There are two Toastmasters conferences that occur every year: the Spring Conference and the International Convention. The Spring Conference is sponsored by your district while the International Convention is sponsored by Toastmasters International. You can learn more about each by visiting your district’s website and the “Events” page on Toastmasters.org.
Revisit and Redefine Your Goals
You completed all five levels of your path. You achieved the Triple Crown award. You’re a Distinguished Toastmaster (DTM). You overcame your fear of public speaking. You no longer stutter. You served in each officer position. Now what? What’s your next goal? What do you hope to get out of Toastmasters?
Become a Member of a Second Club
It’s not uncommon for Toastmasters to join multiple clubs. In fact, it may be a great idea for you depending on your means, goals, and schedule. How?
Becoming a member of a second club will give you the opportunity to work on your communication skills more often, achieve your education awards faster, help clubs who are struggling to increase their membership and instill enthusiasm, adequately prepare for professional presentations, and build relationships with professionals in your field.
Volunteer at the Spring Conference
Districts are constantly looking for volunteers to join their team, so if you would like to work on your leadership skills and networking skills, then you should get involved in this event.
Here are 20 volunteer opportunities for the Spring Conference:
- Advertising/Sponsorship: sell ads and seek donations to raise funds for the conference
- Audio/Visual: provide IT support to ensure the event runs smoothly
- Bookstore: sell Toastmaster branded items and education materials
- Credentials: ensure clubs have the proper credentials to participate in voting
- Decorations: help create decorations for the tables and event areas
- Door Prizes: gather merchandise for the door prizes and gift baskets
- DTM Recognition: help coordinate a ceremony and reception for DTMs
- Education Sessions: set up the rooms, promotional materials, and schedule
- Entertainment: help plan a memorable party that will be held after the contests
- Facilities: ensure rooms are set up, equipment is functioning, items are placed properly
- First Aid: be available to provide first aid in emergencies
- First Timers: assist those who have not attended a conference before
- Hospitality: help set up and break down the hospitality room
- Information: answer questions about the area and navigation of the conference
- Lineup of Parades: help with the lineup of the banner parade and dignitaries
- Publicity: work with individual events and promote the conference throughout the district
- Registration: put together goodie bags and coordinate conference tickets, meals sold, etc.
- Speech Contest: work with the contestants and technical team to deliver a great show
- Vendor: find businesses to rent space to show their products and services
- Volunteer: assist others as needed throughout the conference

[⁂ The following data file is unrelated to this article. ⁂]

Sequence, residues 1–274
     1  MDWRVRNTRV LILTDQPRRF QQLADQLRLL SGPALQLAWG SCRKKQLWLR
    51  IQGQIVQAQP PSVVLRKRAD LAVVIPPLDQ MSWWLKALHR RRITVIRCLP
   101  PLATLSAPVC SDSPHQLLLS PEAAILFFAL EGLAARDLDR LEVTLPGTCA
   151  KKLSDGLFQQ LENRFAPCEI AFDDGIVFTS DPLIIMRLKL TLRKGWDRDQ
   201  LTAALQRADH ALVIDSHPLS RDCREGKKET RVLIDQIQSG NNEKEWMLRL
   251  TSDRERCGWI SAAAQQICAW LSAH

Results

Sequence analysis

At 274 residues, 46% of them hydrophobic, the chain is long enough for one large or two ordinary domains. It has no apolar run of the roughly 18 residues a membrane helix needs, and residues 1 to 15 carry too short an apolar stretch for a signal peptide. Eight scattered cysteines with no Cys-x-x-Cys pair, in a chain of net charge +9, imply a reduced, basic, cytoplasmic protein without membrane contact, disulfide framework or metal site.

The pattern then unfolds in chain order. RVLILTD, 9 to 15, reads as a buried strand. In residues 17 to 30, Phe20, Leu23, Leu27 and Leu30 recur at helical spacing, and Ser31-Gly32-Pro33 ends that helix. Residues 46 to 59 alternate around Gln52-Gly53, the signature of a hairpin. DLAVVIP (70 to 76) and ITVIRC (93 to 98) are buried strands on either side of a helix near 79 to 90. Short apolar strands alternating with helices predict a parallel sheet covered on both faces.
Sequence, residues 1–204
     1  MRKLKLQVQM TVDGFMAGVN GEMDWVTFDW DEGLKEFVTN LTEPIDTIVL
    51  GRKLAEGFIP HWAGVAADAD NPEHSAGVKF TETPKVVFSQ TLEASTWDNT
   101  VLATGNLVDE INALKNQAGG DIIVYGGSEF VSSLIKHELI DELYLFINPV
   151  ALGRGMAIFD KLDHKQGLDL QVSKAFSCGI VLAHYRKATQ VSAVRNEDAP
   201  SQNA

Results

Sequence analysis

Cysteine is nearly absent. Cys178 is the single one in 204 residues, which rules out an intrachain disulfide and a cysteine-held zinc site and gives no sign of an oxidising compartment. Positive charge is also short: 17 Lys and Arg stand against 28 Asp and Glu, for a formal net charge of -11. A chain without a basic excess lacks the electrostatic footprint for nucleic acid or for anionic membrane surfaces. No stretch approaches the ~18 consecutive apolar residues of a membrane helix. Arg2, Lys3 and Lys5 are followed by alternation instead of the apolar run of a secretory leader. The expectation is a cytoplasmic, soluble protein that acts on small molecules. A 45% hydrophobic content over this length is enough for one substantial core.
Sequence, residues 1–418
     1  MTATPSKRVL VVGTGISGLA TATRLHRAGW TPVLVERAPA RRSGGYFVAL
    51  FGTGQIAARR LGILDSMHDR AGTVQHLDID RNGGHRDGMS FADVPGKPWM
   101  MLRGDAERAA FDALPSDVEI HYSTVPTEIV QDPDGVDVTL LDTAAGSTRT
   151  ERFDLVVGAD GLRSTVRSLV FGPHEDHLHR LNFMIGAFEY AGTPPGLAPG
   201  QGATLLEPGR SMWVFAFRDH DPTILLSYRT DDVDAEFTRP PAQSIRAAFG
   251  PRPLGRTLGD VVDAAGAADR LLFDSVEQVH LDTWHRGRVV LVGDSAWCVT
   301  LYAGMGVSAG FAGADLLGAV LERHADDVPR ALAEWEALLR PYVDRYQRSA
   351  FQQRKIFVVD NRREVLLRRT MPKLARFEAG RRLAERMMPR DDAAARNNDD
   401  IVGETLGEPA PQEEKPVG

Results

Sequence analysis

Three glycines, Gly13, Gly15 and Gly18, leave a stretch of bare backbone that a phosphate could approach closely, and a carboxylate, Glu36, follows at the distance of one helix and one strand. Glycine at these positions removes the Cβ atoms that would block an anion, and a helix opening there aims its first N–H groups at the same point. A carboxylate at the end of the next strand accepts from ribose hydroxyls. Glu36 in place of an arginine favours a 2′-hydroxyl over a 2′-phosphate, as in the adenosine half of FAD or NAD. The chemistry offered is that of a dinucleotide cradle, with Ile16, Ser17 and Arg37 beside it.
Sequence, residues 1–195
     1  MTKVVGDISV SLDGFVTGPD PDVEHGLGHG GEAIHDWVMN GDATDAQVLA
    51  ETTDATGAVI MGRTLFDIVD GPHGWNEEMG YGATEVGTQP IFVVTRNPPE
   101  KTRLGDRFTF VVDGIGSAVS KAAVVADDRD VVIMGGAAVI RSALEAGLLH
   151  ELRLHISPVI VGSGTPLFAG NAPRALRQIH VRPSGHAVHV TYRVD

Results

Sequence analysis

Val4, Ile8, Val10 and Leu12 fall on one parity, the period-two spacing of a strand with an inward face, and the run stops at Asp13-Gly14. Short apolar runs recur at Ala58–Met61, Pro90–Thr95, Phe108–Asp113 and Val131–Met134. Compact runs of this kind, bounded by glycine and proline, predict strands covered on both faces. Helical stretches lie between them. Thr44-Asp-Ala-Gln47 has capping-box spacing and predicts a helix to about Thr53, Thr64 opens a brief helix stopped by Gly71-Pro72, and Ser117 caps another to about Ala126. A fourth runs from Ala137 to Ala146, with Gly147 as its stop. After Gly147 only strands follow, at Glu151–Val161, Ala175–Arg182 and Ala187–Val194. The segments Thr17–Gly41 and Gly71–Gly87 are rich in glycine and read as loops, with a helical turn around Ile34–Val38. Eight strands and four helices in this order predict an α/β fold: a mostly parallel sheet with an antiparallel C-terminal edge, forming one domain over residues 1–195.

Check your district’s website to see what other volunteer opportunities are available.
Join an Advanced Club
Whether you’ve outgrown your current club or want to become a member of a second club, joining an advanced club is a great option to consider.
Through an advanced club, you can plan for longer and various types of presentations (e.g. panel discussion), receive strong and effective evaluations that will help you improve your public speaking skills and take it to the next level, meet and engage with a diverse group of people, and be held to higher standards that will help transform you as a speaker.
Take the Time to Get to Know Your Members
You see and spend time with your club members on a regular basis, so why not take the time to get to know them outside of Toastmasters? You can speak to them one-on-one via phone or in person, go out to eat as a group after a meeting, attend an event that one of your members is a part of (e.g. a play at the theater), etc. Doing so will help to strengthen your trust and bond with one another and your club’s performance overall (win + win + win).
Become a District Officer
Take your leadership skills to the next level by serving as a district officer! Plus, doing so will help fulfill one of the requirements for your Distinguished Toastmaster (DTM) award.
Here are the district leadership roles you could serve in:
- Area Director
- Division Director
- Administration Manager
- Finance Manager
- Public Relations Manager
- Club Growth Director
- Program Quality Director
- District Director
Check out the District Leadership Handbook for more information.
Help District Officers with their Duties
If you’re not ready to serve as a district officer or if all the positions are already filled, then you could serve as an assistant to one of the district leaders instead to learn more about their position and prep for your nomination/campaign and future term.
Ask for Help
Whether it’s with a club role, project, event, or officer role, ask for help when you need it. You don’t have to do everything by yourself nor do you want to burn out from trying to do everything by yourself, which is unnecessary at times.
Your club members as well as other Toastmasters are there to help you and support you in your journey, so be sure to ask them for help as often as you need it.
Membership is a Privilege Not a Right
Remember that membership is a privilege not a right. This is an excellent organization to be a part of, so we should be grateful that we get to be a member of it and not take our membership for granted. How? By keeping and fulfilling the promises listed here: A Toastmaster’s Promise.
Related Toastmasters Articles
Advice for Members of Toastmasters International
All in all, the best way to accomplish your goals, gain success, and get the most out of your Toastmasters journey is to put in the work. There are no short cuts. There are no secrets. Just old-fashioned hard work and patience. You can do this—I’m rooting for you.
What’s your main takeaway? Do you have any additional advice? Share your answers in the comments section below!